To strike out. (a) To start; to wander; to make a sudden excursion; as, to strike out into an irregular course of life. (b) To strike with full force. (c) (Baseball) To be put out for not hitting the ball during one's turn at the bat.To strike up, to commence to play as a musician; to begin to sound, as an instrument. "Whilst any trump did sound, or drum struck up." Shak.

(Strike) n.

1. The act of striking.

2. An instrument with a straight edge for leveling a measure of grain, salt, and the like, scraping off what is above the level of the top; a strickle.

3. A bushel; four pecks. [Prov. Eng.] Tusser.

4. An old measure of four bushels. [Prov. Eng.]

5. Fullness of measure; hence, excellence of quality.

Three hogsheads of ale of the first strike.
Sir W. Scott.

6. An iron pale or standard in a gate or fence. [Obs.]

7. The act of quitting work; specifically, such an act by a body of workmen, done as a means of enforcing compliance with demands made on their employer.

Strikes are the insurrections of labor.
F. A. Walker.

8. (Iron Working) A puddler's stirrer.

9. (Geol.) The horizontal direction of the outcropping edges of tilted rocks; or, the direction of a horizontal line supposed to be drawn on the surface of a tilted stratum. It is at right angles to the dip.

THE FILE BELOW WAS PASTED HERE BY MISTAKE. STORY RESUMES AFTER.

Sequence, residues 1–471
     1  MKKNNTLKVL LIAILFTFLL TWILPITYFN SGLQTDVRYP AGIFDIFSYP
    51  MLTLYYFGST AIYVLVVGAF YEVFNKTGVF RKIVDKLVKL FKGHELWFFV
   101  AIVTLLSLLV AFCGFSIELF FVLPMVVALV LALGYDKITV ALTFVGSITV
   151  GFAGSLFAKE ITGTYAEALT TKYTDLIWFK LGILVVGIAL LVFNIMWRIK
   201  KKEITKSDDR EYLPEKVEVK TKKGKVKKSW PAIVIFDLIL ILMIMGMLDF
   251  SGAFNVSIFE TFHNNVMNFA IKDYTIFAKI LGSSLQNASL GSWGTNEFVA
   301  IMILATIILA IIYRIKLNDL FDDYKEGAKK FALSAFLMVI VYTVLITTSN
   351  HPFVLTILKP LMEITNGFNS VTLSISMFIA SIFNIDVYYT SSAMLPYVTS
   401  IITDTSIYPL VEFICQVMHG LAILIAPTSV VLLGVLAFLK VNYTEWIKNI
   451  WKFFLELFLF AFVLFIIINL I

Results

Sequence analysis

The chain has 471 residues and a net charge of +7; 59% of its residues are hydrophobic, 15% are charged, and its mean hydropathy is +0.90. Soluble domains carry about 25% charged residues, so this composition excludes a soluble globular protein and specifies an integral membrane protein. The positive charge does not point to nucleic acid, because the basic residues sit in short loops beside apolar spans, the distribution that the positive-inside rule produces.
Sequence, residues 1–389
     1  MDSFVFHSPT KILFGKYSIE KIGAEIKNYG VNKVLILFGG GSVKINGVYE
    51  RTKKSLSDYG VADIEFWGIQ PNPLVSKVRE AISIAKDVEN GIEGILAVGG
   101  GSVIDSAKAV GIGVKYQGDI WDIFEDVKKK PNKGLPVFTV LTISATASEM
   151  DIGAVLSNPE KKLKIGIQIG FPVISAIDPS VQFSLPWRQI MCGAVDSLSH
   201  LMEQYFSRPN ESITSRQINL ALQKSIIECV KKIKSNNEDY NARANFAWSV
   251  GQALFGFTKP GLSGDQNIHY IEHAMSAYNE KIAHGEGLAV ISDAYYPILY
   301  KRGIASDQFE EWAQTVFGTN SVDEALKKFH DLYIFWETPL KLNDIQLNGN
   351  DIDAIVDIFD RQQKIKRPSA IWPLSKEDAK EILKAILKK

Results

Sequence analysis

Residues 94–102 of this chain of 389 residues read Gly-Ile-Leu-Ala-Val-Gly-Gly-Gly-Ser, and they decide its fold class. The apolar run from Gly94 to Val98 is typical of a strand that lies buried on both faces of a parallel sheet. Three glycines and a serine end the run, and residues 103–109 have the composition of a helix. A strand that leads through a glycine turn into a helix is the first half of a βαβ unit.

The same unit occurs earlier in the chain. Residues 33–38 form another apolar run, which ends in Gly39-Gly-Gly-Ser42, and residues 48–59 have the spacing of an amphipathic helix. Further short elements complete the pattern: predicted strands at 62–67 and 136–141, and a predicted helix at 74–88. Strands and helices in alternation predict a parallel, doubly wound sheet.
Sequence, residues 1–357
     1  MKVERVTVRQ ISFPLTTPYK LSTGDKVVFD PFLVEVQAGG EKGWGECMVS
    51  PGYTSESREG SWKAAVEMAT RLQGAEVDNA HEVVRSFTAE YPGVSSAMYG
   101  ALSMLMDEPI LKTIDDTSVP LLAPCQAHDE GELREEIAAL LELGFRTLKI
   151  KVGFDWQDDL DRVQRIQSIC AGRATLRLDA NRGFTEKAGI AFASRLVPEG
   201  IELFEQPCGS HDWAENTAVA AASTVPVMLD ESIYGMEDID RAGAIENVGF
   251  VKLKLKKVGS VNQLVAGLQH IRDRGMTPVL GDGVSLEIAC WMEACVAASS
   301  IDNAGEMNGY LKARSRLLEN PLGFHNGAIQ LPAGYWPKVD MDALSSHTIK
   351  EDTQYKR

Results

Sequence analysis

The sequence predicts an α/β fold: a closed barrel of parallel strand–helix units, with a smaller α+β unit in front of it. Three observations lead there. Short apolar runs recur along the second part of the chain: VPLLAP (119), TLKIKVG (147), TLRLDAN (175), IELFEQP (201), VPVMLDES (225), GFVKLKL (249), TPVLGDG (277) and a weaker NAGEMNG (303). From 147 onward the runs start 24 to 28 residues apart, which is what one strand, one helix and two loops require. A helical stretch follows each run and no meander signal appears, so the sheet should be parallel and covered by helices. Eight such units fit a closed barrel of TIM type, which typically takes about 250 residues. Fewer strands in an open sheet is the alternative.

10. The extortion of money, or the attempt to extort money, by threat of injury; blackmailing.

Strike block(Carp.), a plane shorter than a jointer, used for fitting a short joint. Moxon.Strike of flax, a handful that may be hackled at once. [Obs. or Prov. Eng.] Chaucer.Strike of sugar. (Sugar Making) (a) The act of emptying the teache, or last boiler, in which the cane juice is exposed to heat, into the coolers. (b) The quantity of the sirup thus emptied at once.

(Strik"er) n.

1. One who, or that which, strikes; specifically, a blacksmith's helper who wields the sledge.

2. A harpoon; also, a harpooner.

Wherever we come to an anchor, we always send out our strikers, and put out hooks and lines overboard, to try fish.

3. A wencher; a lewd man. [Obs.] Massinger.

4. A workman who is on a strike.

5. A blackmailer in politics; also, one whose political influence can be bought. [Political Cant]

(Strik"ing), a. & n. from Strike, v.

of God's grace." South.

  By PanEris using Melati.

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